Spring is bringing people out of hiding along the coast for more than just a suntan. At Murrells Inlet, the super-shallow creeks are heating up on the low end of the tide and are firing up the resident flounder. Capt. Jason Burton of Fly Girl Fishing Charters is catching more than his fair share lately, and even a few speckled trout are making the trip back to the dock.
“It has been a field day for the last week and a half,” said Burton (843-421-2870). “I have found some different ways to catch them in the early spring and catching double digits each day.”
Most flounder and trout leave inshore waters late in the fall when temperatures dive, but a small group of fish will overwinter inshore, finding deep pockets in the headwaters of tidal creeks that stay flooded all winter, even at the most-extreme low tides.
Burton targets these fish in these remote areas around Murrells Inlet, everywhere from Atlantic Avenue to Huntington Beach.
“They are sitting in pockets of warm water in the backs of the creeks on the falling tide,” said Burton, who said the water in the shallow mud flats heats up quickly on warm days.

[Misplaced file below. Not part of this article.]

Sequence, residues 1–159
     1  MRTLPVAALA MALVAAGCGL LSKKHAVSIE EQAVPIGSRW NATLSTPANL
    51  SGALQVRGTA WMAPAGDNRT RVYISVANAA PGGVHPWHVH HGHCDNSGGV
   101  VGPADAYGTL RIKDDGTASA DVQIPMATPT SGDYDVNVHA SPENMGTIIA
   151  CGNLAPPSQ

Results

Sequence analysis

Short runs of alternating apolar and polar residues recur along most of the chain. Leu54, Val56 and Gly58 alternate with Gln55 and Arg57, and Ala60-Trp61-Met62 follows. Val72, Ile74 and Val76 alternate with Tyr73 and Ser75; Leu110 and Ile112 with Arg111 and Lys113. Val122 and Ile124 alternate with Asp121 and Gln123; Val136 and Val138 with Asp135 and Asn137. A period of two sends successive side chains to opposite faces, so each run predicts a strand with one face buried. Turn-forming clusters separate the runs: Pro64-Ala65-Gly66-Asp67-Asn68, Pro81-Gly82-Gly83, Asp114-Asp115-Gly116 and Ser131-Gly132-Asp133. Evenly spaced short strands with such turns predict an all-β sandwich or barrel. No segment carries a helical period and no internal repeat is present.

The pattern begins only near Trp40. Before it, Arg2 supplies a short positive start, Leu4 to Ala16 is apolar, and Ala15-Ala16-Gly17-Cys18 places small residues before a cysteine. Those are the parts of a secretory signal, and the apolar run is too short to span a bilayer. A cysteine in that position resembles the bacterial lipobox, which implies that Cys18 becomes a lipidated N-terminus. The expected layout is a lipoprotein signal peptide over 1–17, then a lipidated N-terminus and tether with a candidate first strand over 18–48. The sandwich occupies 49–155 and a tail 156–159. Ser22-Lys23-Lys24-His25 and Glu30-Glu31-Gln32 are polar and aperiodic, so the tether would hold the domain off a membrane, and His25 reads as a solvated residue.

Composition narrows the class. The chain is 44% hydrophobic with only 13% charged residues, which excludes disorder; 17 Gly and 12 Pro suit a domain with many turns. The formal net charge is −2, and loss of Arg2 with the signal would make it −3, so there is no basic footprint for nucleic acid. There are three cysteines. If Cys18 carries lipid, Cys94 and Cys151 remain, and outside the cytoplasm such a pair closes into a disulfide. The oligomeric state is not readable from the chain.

“The difference in water temperature can be eight to 10 degrees from the mouth of the creek to the back. As the water heats up on low tide, they start feeding like crazy,” Burton said.
Not only are the fish biting, they are plentiful in these small basins of warm water. Burton is finding them in creeks with deep holes adjacent to large, shallow mud flats. The tide is critical though.
“As soon as the tide turns and the cold ocean water begins slithering back into the creek, the fish stop biting,” he said.
Burton was catching most of his fish on mud minnows fished on ¼-ounce chartreuse jigheads until a local tackle shop, Perry’s Bait & Tackle, began carrying glass minnows last week.
“I brought a dozen glass minnows for a trip last week and caught six flounder and two speckled trout on them,” he said.
As the water continues to heat up, Burton expects the flounder bite to remain good and expand to the typical spring spots in main creek channels and creek mouths.